5 J. Liebschutz et al. / Journal of Substance Abuse Treatment 22 (2002) Table 2 Unadjusted associations of subject characteristics with substance abuse consequences Male* Female* Characteristics % (N) Mean InDUC score P value % (N) Mean InDUC score P value Lifetime physical or sexual abuse No 32% (108) 34.7 < % (21) 25.1 < Yes 69% (238) % (87) 34.2 Race White 38% (132) 38.5 < % (34) Hispanic 12% (40) % (10) 29 Black 45% (157) % (56) 31 Other 6% (19) % (8) 37 Polysubstance problems Yes 89% (309) % (87) No 11% (39) % (21) 28 Homeless Yes 49% (171) 38.4 < % (41) No 51% (177) % (67) 32.0 Drug of choice Alcohol 41% (141) % (36) Heroin 27% (95) % (30) 33.2 Cocaine 32% (112) % (41) Multivariable analyses For both men (adjusted mean InDUC score 36 vs. 34, P = 0.001) and women (adjusted mean InDUC score 33 vs. 28, P = 0.01), past physical and sexual abuse was significantly associated with more substance abuse consequences in analyses adjusted for age, race, polysubstance use, homelessness, primary drug of choice, depressive symptoms and physical functioning. We included three clinically important variables in both models that were significant only in the men s bivariate analyses (drug of choice, homeless, and age). We note that the men s analysis had more subjects and, consequently, more power to find a statistically meaningful difference. The R-squared for the men s model was 0.25 and for the women s model was The multivariable analysis using a modified InDUC score excluding two items that address physical assault yielded similar results (data not shown). In multivariable analyses adjusting for the same potential confounders, a history of physical or sexual abuse was not significantly related to either the ASI alcohol or ASI drug composite scores. In multivariable analyses for men, first occurrence of physical and sexual abuse as a child was significantly associated with more substance use consequences (adjusted mean increase in InDUC: 2.5 for age < 13 years, 3.3 for ages 13 17, P = 0.001) compared to those with no abuse. There were no significant differences in InDUC scores for males reporting abuse after age 17 (1.0 points higher, P = 0.8) compared with those with no abuse. InDUC scores for subjects reporting abuse before age 18 compared to those reporting abuse at age 18 or older were significantly higher ( p = 0.048). For women, the overall absolute increase in InDUC score was greater than the men in all age categories (adjusted mean increase in InDUC score: 5.8 for age < 13 ( p = 0.01), 5.5 for ages 13 17( p = 0.02), 4.7 for >17 years ( p = 0.04)) compared to those with no physical and sexual abuse. There was not a significant association between InDUC scores and age of first abuse (less than 18 vs. 18 and older, P = 0.59). Thus, for men there was a small but statistically significant impact of age of onset of abuse to substance abuse consequences, whereas for women, the effect of physical and sexual abuse was high and similar for all ages of onset. Depression as measured by CES-D was the other variable that was independently associated with more severe substance use consequences in the multivariable analyses for both men and women ( p < and P = 0.009, respectively). In addition, two other variables were found to be significantly associated with worse substance use consequences in men: homelessness ( P = 0.002) and polysubstance problems ( P = 0.005). Among men, three of the six InDUC subscales were significantly higher among those with past physical and sexual abuse: Impulse Control (7 vs. 6, p < 0.001), Interpersonal (8.8 vs. 8.4, P = 0.03) and Physical (6.3 vs. 5.9, P = 0.01). Among women, two subscales were significantly higher among those with past physical and sexual abuse: Interpersonal (8 vs. 6, P = 0.002), Intrapersonal (7 vs. 6, P = 0.001). A third subscale, Physical, trended higher (5.9 vs. 5.2, P = 0.08).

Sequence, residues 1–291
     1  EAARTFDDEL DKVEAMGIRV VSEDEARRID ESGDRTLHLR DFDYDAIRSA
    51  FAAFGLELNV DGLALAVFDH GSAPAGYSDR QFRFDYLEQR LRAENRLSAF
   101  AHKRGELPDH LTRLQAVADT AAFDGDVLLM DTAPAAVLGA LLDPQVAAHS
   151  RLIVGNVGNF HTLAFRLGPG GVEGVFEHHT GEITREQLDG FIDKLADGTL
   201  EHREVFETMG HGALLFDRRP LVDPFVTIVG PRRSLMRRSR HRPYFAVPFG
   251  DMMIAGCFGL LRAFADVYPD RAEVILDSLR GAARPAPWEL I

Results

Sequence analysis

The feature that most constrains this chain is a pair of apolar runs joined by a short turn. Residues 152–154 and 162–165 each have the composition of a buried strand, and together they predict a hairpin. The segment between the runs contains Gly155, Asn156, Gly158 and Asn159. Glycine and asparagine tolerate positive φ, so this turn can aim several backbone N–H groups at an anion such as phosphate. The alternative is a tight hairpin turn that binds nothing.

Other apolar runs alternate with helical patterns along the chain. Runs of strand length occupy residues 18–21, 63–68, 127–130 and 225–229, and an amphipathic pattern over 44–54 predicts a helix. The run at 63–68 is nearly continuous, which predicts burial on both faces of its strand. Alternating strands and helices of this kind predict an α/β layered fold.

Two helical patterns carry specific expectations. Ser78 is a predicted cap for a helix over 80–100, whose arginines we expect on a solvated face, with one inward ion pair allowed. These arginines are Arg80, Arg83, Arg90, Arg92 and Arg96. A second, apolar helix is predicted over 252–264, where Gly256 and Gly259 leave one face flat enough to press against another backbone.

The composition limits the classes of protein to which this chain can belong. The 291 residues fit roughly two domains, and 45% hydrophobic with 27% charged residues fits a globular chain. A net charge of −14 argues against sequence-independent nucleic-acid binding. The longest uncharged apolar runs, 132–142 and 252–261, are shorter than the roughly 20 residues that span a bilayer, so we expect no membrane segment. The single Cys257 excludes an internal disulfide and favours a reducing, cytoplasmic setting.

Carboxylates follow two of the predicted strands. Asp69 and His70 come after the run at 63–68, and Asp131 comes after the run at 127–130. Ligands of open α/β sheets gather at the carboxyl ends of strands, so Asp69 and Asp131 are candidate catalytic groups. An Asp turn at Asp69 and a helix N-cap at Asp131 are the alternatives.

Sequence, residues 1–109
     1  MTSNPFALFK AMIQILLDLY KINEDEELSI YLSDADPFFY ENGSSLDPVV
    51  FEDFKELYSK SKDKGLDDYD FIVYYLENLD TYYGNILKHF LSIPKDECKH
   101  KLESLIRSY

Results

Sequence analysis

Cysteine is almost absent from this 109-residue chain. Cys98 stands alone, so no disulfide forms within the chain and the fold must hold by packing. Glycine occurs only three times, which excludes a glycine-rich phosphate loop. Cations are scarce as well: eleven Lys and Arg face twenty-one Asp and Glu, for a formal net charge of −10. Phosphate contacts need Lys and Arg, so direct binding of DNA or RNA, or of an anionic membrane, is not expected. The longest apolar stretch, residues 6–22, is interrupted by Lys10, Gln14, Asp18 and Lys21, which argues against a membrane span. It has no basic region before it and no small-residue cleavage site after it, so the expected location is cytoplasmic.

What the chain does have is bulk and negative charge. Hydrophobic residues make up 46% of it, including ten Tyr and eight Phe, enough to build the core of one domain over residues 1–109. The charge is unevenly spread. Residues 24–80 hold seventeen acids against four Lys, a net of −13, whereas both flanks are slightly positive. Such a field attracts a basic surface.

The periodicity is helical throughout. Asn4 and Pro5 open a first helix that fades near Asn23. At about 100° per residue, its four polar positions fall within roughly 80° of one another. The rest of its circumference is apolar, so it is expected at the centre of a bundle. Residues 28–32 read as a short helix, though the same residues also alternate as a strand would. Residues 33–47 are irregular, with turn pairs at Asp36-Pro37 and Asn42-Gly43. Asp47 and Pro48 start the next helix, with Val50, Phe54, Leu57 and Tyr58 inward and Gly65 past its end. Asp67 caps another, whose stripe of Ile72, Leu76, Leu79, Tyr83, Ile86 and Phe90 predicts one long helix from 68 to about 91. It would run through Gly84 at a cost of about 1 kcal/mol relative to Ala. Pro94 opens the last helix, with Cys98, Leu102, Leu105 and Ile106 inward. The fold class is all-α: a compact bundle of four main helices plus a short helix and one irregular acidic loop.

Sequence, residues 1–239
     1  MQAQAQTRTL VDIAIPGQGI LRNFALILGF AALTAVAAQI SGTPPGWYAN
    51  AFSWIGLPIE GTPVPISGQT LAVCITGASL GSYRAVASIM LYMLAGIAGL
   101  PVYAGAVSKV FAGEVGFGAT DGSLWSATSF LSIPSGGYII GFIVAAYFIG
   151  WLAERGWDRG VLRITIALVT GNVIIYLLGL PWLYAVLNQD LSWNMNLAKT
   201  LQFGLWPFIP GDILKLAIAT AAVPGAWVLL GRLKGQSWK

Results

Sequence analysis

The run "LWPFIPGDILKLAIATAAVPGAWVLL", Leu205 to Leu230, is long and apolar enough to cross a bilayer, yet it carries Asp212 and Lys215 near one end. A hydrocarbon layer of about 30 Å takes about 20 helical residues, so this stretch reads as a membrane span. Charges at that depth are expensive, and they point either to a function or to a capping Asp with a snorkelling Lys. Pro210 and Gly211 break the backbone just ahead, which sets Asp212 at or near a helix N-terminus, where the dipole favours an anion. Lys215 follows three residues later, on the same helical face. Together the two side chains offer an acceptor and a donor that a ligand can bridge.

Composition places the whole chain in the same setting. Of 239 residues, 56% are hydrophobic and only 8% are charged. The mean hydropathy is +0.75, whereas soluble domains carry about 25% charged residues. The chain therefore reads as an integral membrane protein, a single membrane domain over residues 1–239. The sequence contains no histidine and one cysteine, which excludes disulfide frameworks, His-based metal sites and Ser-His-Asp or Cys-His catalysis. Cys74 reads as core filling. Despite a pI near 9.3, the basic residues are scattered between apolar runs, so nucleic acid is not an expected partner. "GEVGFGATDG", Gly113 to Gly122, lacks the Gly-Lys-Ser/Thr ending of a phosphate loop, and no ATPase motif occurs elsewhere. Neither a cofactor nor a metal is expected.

6 126 J. Liebschutz et al. / Journal of Substance Abuse Treatment 22 (2002) Discussion This study reveals an extraordinarily high frequency of physical and sexual abuse among both women and men admitted for detoxification in an urban inpatient facility: 72% experienced interpersonal trauma and 75% of them first experienced it as children. The frequency of physical and sexual abuse is similar to that found in other studies of clients at methadone and detoxification programs (Clark et al., 2001; Gil-Rivas et al., 1997; Hien & Scheier, 1996). The finding of initial occurrence of these traumatic events in childhood in three-quarters of the victimized subjects underscores the multiple challenges faced by patients and staff in detoxification programs. Interpersonal violence was significantly related to greater substance use consequences for both women and men. Even in a population that is severely affected by substance abuse, this association was strong. We also found that interpersonal violence, in analyses controlled for potentially important confounders, was not significantly associated with addiction severity as measured by the ASI (the secondary outcome), a measure strongly influenced by quantity of substances consumed. Therefore, we speculate that substance use related life consequences are not mediated only by drugs and/or alcohol consumption, but also by other mechanisms related to the experience of interpersonal trauma. Some of the secondary analyses are useful in suggesting mechanisms for the overall findings. The fact that in both men and women physical consequences were worse in those who experienced abuse is consistent with literature on medical problems among women with trauma and substance abuse (Frayne et al., 1999; Koss, Koss, & Woodruff, 1991; Liebschutz, Feinman, Sullivan, Stein, & Samet, 2000; Liebschutz, Mulvey, & Samet, 1997). Both men and women with past trauma also experienced worse interpersonal relationship consequences of substance use. It seems intuitively likely that substance use would disproportionately affect interpersonal relationships among those with prior interpersonal violence. Trauma s deleterious effect on subsequent interpersonal relationships is well documented (Goodman, Koss, & Russo, 1993; Mullen, Romans-Clarkson, Walton, & Herbison, 1988; Resnick et al., 1997). That intrapersonal consequences were worse in women with abuse histories is consistent with literature on psychological effects of violence (Goodman et al., 1993; Harrop-Griffiths et al., 1988; Mullen et al., 1988; Walling et al., 1994). Although complementary, the intrapersonal consequences subscale did not focus on depressive symptoms, which were significantly related to greater addiction consequences in both men and women. Others have found that current mental health symptoms are related to substance abuse severity. For example, Clark and colleagues found that current symptoms of PTSD were more closely related to severity of substance abuse than a past trauma history or even past PTSD in a methadone population (Clark et al., 2001). Lastly, another possible mediator among men with abuse histories was worse impulse control, which is consistent with the literature on consequences of childhood abuse on subsequent criminal behavior (Ireland & Widom, 1994; Murphy, Meyer, & O Leary, 1993). This is substantiated with the finding that age of onset of physical or sexual abuse was significantly associated with severity of substance use consequences in men but not women. This suggests that some of the mediating factors between interpersonal violence and worse substance use consequences begin at an early age in men, findings corroborated by other research studies. A national survey of 8th and 10th graders found that risky behaviors in adolescents correlated with use of alcohol, marijuana, and drugs as well as victimization (Windle, 1994). A prospective cohort study found that childhood abuse and neglect was a significant predictor of adult arrests for alcohol and/or drug related offenses (Ireland & Widom, 1994). The lack of association between age of onset of physical or sexual abuse and substance abuse in women contradicts other findings that childhood abuse (and earlier onset of violence) is associated with greater risk of substance abuse problems as adults (Bennett & Kember, 1994; Fleming, Mullen, Sibthorpe, Attewell, & Bammer, 1998; Medrano, Zule, Hatch, & Desmond, 1999; Miller, Downs, Gondoli, & Keil, 1987; Miller, Downs, & Testa, 1993; Spak, Spak, & Allebeck, 1998; Walker et al., 1999; Wilsnack, Vogeltanz, Klassen, & Harris, 1997). These studies differed from the study reported here in that they either did not account for the possibility of abuse occurring in adulthood or they measured the risk of developing alcohol abuse, not substance use consequences. Since our study found that for women, all ages at first physical or sexual abuse significantly impacts substance use consequences, future studies in this area should examine both consequences of substance use and adult onset physical and sexual abuse. It may be that women are vulnerable at all ages for developing substance abuse after victimization experiences. This corroborates the findings of Kilpatrick and colleagues that victimization experiences increased substance use (Kilpatrick et al., 1997). If the findings reported here are true, this may indicate gender-specific mechanisms for the relationship between victimization and substance abuse consequences. Or it may be similar mechanisms that change in men after adolescence while remaining stable in women. These findings suggest substance abuse prevention efforts need to incorporate understanding of the effect of physical or sexual victimization on substance abuse. Substance abuse prevention programs for boys could target school age and teenage boys, while those for girls could target not only school age and teenage girls, but also adult women. At present, standard detoxification treatment, which is the first step toward recovery for many individuals, does not include any assessment for trauma or PTSD. Given the prevalence and burden of interpersonal violence among people with addiction, assessment of substance abuse in